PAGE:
- No comments found
Generative AI has the power to disrupt and quickly, especially now that Microsoft has backed in a big way!
I am usually skeptical about all the prevailing blockchain/cryptocurrency/NFT hype. It is not that the technology is bad (separate question: can technology be bad?) and will not be of value in future, but rather that most of today’s applications are based on false or at least flawed premises and inflated promises, and pushed by acolytes and scammers who are either blinded by the “light” or just out to make as much money as quickly as possible.
By way of contrast, what I have seen of ChatGPT so far convinces me that it will quickly make its mark in many aspects of daily life, both personal and professional. If I have understood what it does properly (and without over-simplifying it?), it seems that it interprets a question/request made in “plain” language ie how you would ask another person without a defined syntax or format, then searches the wealth of (internet?) information that has been made available to it, before synthesising a natural language response that presents a summary of what it has found in a manner largely indistinguishable from the form a real person use. The additional dimension is that the output can be constructed in a style chosen by the questioner.
It has been “trained” on a huge amount of data (and this will only increase – rapidly) and currently returns an answer in just a few seconds.
This is all very impressive and raises questions about the future of the existing search engines and in due course, the roles and livelihoods of millions of thousands or researchers, analysts, content writers and other roles that locate, process and produce text based on the body of human knowledge and experience. I don’t think this is an exaggeration, but the technology does need to improve and I guess time will be the ultimate judge.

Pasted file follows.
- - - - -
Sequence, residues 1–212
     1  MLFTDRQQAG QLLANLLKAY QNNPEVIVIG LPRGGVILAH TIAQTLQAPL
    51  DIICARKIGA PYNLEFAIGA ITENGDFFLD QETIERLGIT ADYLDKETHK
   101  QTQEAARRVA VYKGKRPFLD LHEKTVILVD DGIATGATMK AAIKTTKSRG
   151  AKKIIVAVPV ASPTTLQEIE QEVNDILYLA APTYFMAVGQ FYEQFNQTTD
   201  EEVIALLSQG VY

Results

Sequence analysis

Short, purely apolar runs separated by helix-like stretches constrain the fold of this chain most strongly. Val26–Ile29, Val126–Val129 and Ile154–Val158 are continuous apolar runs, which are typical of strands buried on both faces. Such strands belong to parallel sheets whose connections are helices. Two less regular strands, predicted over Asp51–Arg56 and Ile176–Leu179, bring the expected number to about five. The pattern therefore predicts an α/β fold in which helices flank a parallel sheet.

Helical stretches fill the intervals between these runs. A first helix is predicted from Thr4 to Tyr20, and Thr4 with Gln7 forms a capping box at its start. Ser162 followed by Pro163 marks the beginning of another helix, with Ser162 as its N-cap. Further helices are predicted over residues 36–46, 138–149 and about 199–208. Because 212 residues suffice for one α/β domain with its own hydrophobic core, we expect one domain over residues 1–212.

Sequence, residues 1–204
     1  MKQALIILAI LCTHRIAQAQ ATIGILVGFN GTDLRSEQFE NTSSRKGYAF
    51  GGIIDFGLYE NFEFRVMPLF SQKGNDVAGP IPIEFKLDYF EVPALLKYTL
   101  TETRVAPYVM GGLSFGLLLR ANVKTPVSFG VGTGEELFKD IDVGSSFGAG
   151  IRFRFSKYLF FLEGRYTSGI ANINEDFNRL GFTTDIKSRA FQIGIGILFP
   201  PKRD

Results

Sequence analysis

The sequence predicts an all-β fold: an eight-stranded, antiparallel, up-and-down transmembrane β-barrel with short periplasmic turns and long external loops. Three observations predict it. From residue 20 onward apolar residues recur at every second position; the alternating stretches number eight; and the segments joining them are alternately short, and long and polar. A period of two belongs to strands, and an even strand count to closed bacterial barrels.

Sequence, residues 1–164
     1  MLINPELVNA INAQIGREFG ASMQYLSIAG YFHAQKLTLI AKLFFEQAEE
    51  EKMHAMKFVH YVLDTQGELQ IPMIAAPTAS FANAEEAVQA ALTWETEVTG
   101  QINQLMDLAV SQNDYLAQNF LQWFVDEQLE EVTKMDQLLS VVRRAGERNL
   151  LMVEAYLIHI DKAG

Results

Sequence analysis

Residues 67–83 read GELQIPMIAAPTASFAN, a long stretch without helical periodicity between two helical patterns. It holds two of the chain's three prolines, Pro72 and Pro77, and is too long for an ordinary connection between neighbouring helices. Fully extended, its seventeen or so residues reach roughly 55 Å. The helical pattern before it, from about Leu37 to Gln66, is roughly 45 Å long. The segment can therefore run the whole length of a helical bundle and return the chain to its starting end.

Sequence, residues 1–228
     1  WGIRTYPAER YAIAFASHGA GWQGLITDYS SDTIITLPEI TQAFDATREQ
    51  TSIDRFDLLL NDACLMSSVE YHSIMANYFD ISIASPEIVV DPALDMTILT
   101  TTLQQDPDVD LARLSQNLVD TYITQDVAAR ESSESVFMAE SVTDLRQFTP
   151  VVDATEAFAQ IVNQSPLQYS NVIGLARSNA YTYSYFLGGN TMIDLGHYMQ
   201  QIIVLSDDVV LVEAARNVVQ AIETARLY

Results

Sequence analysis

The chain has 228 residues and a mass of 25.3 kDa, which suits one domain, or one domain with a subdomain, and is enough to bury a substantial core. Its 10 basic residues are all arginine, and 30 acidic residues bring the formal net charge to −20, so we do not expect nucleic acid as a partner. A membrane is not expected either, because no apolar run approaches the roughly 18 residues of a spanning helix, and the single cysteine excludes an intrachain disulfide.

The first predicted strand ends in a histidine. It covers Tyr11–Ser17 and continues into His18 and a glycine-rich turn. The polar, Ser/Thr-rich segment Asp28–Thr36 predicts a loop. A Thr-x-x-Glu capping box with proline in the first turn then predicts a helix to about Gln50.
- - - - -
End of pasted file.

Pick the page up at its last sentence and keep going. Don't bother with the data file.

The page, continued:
With all this I have been thinking about what it would take to take today’s ChatGPT (or similar) to the next level or maybe 10 levels.
I have come up with five aspects that all start with a “C”, well 4 “C”s and a Q, but they start sounding the same.
Looking at CONFIRMATION first, I consider the action of a quality human researcher. Rarely will they just take the question as first asked. Instead, they will seek to confirm the question being asked, in order to ensure that the output addresses the right points. They do this by reflection, i.e. constructing a revised, better structured, maybe qualified question and playing that back to check it is what the questioner meant. In doing this they may apply their immediate knowledge of the topic area or experience in previously answering similar questions.
The neatly segues into the second point of CONTEXT. Understanding the context within which the question is posed and its motivation is hugely useful in ensuring that the eventual summary and presentation is optimal for the consumer e.g. one might use different language to answer the same question from an 8-year old, a college professor or a retired artist. Likewise understanding any emotional connection to the question might guide phraseology making it easier for the reader to absorb the message rather than rile against any “perceived” imagery.